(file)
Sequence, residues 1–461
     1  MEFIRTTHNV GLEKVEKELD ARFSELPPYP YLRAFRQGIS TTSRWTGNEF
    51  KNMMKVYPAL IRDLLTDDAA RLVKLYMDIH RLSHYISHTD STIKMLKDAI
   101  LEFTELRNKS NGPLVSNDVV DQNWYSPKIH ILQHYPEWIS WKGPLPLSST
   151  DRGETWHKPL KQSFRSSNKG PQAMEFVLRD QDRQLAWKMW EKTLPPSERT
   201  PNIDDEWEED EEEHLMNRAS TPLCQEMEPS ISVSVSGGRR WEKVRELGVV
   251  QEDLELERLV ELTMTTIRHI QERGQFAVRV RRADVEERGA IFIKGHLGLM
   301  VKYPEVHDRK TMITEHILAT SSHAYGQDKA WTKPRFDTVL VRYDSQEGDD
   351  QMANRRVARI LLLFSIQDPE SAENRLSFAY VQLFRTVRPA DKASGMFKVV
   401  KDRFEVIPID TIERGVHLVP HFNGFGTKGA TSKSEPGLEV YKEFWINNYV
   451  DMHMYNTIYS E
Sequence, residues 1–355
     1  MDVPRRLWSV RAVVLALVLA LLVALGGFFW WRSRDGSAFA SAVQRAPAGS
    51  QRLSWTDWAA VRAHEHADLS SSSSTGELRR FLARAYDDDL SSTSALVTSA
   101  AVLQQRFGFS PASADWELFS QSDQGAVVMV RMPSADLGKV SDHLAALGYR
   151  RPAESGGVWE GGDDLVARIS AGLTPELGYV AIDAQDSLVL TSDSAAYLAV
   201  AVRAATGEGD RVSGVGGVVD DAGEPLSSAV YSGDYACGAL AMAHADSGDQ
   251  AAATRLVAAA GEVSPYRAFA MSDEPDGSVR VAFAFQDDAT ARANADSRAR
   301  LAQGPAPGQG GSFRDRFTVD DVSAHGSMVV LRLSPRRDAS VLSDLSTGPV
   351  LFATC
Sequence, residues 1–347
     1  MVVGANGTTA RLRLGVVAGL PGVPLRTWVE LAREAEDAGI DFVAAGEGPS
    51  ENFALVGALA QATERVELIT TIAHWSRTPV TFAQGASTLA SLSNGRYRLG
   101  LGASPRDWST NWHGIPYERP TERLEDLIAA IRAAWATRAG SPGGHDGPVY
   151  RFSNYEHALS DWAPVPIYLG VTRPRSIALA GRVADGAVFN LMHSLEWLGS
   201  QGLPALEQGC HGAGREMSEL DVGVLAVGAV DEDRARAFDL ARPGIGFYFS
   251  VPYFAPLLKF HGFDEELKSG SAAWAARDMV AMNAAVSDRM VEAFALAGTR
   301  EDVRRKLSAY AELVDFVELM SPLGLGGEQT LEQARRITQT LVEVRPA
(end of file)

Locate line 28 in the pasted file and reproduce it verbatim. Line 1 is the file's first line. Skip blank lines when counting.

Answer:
   301  EDVRRKLSAY AELVDFVELM SPLGLGGEQT LEQARRITQT LVEVRPA